Wyoming county fairs faring well through coronavirus cautions
LARAMIE, Wyo. | UNIVERSITY OF WYOMING – The wave of county fairs spreading across summer calendars met the wave of coronavirus cases weaving through Wyoming — and fairs seemed to have won, at least according to early reports.
Most county fairs are wrapping up this week, with Teton, Park, Platte and Converse counties completing their fairs more than a week ago, and Natrona’s fair finished by mid-July.
COVID-19 considerations forced changes to normal routines. One 4-H educator said he was humbled by the combined efforts in his county to meet the new requirements. Another said the circumstances of those going beyond to hold the fair were too many to name.
University of Wyoming Extension Educator Joddee Jacobsen, of Natrona County, notes instances of many 4-H’ers helping one another and the good spirits of 4-H families, friends and volunteers who took the challenge and ran with it.
“The incredible part is that we were able to step back, evaluate and identify the difficulty, and then look for, figure out and find a solution,” Jacobsen says. “We relied on our positive outlook and American ingenuity. And it got the job done.”
Many fairs required masks for 4-H’ers and social distancing, and hand sanitizers were available. The social distancing eventually meant the same for livestock, too.
Livestock judging that usually took place inside arenas moved outside.
“Nearly all 4-H fair events changed to some degree in either location, duration or method,” says UW 4-H Extension Educator Glenn Owings, of Teton County, where judging events were moved to various parts of the fairgrounds to minimize contact and reduce the number of people indoors.
He also developed a staggered feeding/animal care schedule to reduce the number of people inside the livestock barn at a given time. The decision whether to house livestock inside occurred only about two weeks before the fair. Once there was a decision, a frantic dash ensued to make things happen.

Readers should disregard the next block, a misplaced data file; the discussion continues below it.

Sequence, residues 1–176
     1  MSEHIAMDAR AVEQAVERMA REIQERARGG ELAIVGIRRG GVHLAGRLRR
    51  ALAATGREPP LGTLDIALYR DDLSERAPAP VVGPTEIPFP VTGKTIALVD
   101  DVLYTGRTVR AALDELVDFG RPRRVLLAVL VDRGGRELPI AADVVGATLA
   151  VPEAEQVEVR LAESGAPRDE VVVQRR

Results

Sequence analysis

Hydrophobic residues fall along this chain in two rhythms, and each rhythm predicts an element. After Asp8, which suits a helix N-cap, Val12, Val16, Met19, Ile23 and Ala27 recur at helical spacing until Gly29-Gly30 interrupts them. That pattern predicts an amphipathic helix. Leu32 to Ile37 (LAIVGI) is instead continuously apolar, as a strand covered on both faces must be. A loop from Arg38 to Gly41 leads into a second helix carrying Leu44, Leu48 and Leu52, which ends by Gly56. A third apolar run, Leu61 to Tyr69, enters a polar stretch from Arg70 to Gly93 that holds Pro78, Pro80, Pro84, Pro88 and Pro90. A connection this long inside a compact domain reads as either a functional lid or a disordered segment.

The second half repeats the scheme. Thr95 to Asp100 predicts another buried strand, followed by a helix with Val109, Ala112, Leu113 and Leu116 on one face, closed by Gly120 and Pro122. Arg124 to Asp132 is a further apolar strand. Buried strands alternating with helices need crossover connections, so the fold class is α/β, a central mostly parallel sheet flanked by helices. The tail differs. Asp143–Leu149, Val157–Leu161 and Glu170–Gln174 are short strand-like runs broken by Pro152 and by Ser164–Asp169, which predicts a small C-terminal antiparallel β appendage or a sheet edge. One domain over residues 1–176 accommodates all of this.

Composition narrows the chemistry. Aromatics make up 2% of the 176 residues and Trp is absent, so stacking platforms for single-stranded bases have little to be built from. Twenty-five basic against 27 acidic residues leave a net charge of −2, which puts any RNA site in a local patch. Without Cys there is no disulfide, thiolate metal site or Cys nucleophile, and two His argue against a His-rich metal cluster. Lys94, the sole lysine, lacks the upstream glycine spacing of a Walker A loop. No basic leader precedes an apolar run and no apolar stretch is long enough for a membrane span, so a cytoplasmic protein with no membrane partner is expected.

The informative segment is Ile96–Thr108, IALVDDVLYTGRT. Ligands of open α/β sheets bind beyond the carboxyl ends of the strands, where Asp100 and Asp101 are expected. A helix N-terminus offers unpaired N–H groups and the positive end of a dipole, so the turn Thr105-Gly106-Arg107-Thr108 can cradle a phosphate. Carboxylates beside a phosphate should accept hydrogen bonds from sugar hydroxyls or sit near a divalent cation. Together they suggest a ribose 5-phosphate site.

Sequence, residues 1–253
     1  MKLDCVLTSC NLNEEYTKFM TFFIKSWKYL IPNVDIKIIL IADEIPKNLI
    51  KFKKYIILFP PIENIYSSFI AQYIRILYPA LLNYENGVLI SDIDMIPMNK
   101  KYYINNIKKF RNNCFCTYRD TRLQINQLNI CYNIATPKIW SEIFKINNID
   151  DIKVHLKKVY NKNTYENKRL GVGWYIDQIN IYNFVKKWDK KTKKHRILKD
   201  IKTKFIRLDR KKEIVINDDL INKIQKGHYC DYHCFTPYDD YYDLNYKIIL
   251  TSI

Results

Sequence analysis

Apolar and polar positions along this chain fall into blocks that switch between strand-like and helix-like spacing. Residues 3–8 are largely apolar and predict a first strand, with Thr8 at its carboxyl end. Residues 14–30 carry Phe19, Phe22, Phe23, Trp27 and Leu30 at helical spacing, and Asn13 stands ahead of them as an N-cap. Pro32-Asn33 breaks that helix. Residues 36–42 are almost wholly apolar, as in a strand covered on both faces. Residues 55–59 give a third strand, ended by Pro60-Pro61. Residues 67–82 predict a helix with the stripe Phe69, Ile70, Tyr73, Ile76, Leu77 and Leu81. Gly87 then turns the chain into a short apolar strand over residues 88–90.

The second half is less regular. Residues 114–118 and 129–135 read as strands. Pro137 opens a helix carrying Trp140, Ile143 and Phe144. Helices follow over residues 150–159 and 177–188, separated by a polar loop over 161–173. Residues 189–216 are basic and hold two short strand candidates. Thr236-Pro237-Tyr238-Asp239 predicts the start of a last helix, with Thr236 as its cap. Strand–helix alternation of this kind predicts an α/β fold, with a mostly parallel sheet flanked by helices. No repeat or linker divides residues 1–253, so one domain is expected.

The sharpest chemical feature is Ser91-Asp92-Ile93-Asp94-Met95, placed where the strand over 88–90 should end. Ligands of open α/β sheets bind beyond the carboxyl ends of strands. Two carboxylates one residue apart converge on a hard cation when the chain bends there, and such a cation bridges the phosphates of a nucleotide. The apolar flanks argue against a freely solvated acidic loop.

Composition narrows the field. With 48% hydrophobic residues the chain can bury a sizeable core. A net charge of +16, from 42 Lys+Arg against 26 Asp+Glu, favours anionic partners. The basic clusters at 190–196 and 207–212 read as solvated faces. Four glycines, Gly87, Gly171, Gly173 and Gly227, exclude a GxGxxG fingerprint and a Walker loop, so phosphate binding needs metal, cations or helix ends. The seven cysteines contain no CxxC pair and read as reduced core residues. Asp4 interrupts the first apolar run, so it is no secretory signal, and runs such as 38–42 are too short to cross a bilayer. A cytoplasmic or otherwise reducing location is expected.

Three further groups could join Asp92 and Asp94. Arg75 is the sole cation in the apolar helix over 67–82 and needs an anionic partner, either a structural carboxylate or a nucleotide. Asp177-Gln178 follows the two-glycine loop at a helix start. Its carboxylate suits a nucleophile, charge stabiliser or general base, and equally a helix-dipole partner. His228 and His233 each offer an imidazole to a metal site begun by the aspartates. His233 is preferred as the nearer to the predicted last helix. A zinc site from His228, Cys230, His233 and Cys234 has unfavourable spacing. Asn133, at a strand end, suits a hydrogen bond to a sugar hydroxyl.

“These challenges created an outstanding number of logistical challenges to work through with the fair office, leaders, staff and the fair board,” he says.
Owings says the fair had a more community-oriented feel. There was no carnival, so kids and parents spent more time together in their family groups.
Todd Paisley, a senior 4-H’er in Platte County, also felt a bigger sense of community at that fair.
“It went way better because it showed the ag community can still come together and do the right thing and put on a fair,” says Paisley, who exhibited two market steers and won reserve champion in Platte County. “It provided a sense of community.”
Paisley says he was worried that, when school let out in March, there might not be a fair. He had already put in the money to buy the animals and followed through.
“It’s not just about showing them,” he adds. “It’s about doing the right thing for the animal.”
Owings says many noted the traditional aspects of fair were once again highly valued — livestock projects, animal care, family time and hands-on static exhibitions.
Many went beyond to make the fair happen. When one sewing leader was unable to continue meeting for health reasons, another met several extra full days to make sure the kids could finish their projects. Livestock leaders helped haul shavings, organize paperwork and wrangle a loose steer in the middle of the night.
“I was humbled by their efforts and support,” Owings says.
Park County featured only livestock shows, notes UW 4-H Extension Educator Tycee Mohler. 4-H’ers brought in their animals just for the show, left and then brought them back for the animal sale.
“Families were thrilled to have the opportunity, and 4-H’ers were excited to show and put their best efforts forward,” she says. “The entire community showed up in support of one another.”
Mohler notes numerous instances of 4-H’ers helping one another without being asked. The 2020 Park County junior livestock sale was a record-breaker, showing the community’s support of its youth, she adds.
Hannah Swanbom, interim UW 4-H extension educator in Converse County, notes the livestock sale was up 35 percent from last year.
“Even though we had to make some changes, it seemed like the experience for the kids and families was similar to previous years,” she says. “We did have fewer numbers in the various project areas but, overall, it was a good fair.”
Jacobsen notes that the obstacles had a positive aspect in one area.
“I think it was a great experience because, despite having to think of new ways to get the job done, we found there were many aspects we liked better and want to incorporate into future fairs,” she says.
Those include how static exhibitions, and fashion and fabric exhibitions are judged.
The point, she says, was having a good attitude going in and people happy the fair would proceed. The experience was well worth the planning, coordinating and worry, Jacobsen says.
“I also hope everyone will continue to foster the feeling of gratitude,” she adds. “We have it good in Natrona County, and this was an excellent reminder of how privileged we are to have the amenities and resources we enjoy here.”
Photo: Wusel007 | via commons.wikimedia.org (CC BY-SA 3.0)